Speech Melba Columns

Boys R Us: on Bois Locker Room and the toxic masculinity raging in society today

Illustration by Mihir Balantrapu

Illustration by Mihir Balantrapu  

What is responsible for the toxic masculinity that’s raging in society today?

As the sordid story of a secret Instagram group unfolds, two teenage boys have been detained while many other students are being questioned. The members of ‘Bois Locker Room’, reportedly from four or five South Delhi schools, posted photographs of female schoolmates, many of them underage, with offensive comments and even suggestions of rape.

As I read the details, I am dismayed to find that I am not in the least bit surprised. I read with resignation, dread and complete recognition. It’s not as if it were unfolding for the first time. If not in details but in its essence, this utterly dysfunctional sexuality of our young men plays out over and over again. And we as a society are still clueless about how to respond.

Outrage is alright and lasts a few weeks. What after? Many of us remember the horror story of the student, also in Delhi, who videotaped a sexual act with a classmate and shared it with his pals. What has changed since 2004? Nothing except the medium.

Does that young man who shared the MMS feel remorse today? I don’t know, but the boys outed in the Insta scandal definitely don’t. Almost simultaneously with the exposé, they started a new group, asking members to use code names this time to avoid getting caught. One boy suggested circulating suggestive photos of the girls who had dared to complain.

Young, old, teenaged, the average male thinks he is entitled to be crass about women. It’s seen not just as a male prerogative, but a male necessity. Boys are ingrained from childhood to believe that being ‘male’ means expressing sexual power overtly, exaggeratedly and aggressively. A failure to do so is seen as putting one’s masculinity in doubt.

In these chatrooms, there is very little real desire involved. At stake is only male virility — the need to constantly brandish it and prove it. And ‘dirty talk’, which often becomes ‘violent talk’, becomes the way to establish virility.

To paraphrase Margaret Atwood, men are constantly afraid the world will laugh at them. The pressure to avoid peer ridicule pushes them from a very young age into gratuitous sexual violence — it starts with sexist jokes and comments, grows into active misogyny, and ends in abuse.

Each time these events occur, we demand harsher punishments — hang them, castrate them, throw them to the wolves. It’s pointless. Anger only serves to reinforce male insecurity and worsen the misogyny. Groups like Bois Whatever will continue to exist as long as men feel threatened by female sexuality and the enormous self-assurance of creation and nurture that it carries. Lacking this confidence, male sexuality remains the fragile thing it is, needing constant reassurance.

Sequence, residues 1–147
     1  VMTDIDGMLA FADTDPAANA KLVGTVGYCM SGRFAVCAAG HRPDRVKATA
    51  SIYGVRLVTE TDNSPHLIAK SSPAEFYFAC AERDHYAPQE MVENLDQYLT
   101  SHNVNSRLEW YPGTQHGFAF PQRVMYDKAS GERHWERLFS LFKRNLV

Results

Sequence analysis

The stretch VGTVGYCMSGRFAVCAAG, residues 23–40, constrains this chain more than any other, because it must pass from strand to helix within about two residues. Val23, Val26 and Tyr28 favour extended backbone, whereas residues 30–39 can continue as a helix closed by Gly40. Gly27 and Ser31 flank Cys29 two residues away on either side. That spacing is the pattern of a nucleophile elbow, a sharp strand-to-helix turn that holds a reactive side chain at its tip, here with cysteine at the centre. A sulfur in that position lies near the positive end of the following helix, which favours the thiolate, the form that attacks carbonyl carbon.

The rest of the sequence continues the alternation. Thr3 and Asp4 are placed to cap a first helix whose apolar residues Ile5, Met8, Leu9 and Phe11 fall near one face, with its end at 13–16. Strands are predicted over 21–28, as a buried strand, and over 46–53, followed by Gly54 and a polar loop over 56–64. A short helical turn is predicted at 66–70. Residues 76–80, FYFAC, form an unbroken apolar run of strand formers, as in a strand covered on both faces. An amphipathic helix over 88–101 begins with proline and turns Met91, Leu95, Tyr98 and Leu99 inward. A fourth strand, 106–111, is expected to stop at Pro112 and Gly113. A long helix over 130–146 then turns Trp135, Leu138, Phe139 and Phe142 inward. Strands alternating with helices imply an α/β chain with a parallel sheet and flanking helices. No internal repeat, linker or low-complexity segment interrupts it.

Society encourages this, demanding a concept called “manliness” that nobody really understands. From infancy, all men ever know are guns and cars, taunts of “sissy” for being sensitive, admonitions not to cry, and a constant push to win, trample, triumph. Growing up, they’re forced to keep up the performance, laughing at vulgar jokes and sharing crude photos. Not doing so will immediately “unman” them.

When the film Kabir Singh was received with fury by women, it actually puzzled many men because they saw nothing wrong in the hero’s violent passion. Like the film’s director, his fans were incapable of distinguishing between loving and trophy hunting. They asked why women weren’t grateful to be the object of such overwhelming desire, not realising that women don’t want to be objects at all.

Their bewilderment was genuine. That’s why it is education and not retribution that’s required today. Every boy out there knows the mechanics of sex, but is ignorant about caring, empathy and mutual respect. They need lessons. On the importance of desire and how to express it. On the unimportance of masculinity and femininity. On how to give love and receive it. On how to handle rejection and move on. On how to nurture relationships. On how to be vulnerable and not be afraid of it. These are more vital to sex education than the mere biology.

These are life lessons. And if we don’t want to see more and more Bois clubs, this is what we need to teach our young men. We imagine that carpentry and quantum physics need to be taught while living can be learnt — it’s actually the other way round.

Where the writer tries to make sense of society with seven hundred words and a bit of snark.

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Printable version | Jun 6, 2020 11:29:04 PM | https://www.thehindu.com/opinion/columns/on-bois-locker-room-and-the-toxic-masculinity-thats-raging-in-society-today/article31534388.ece

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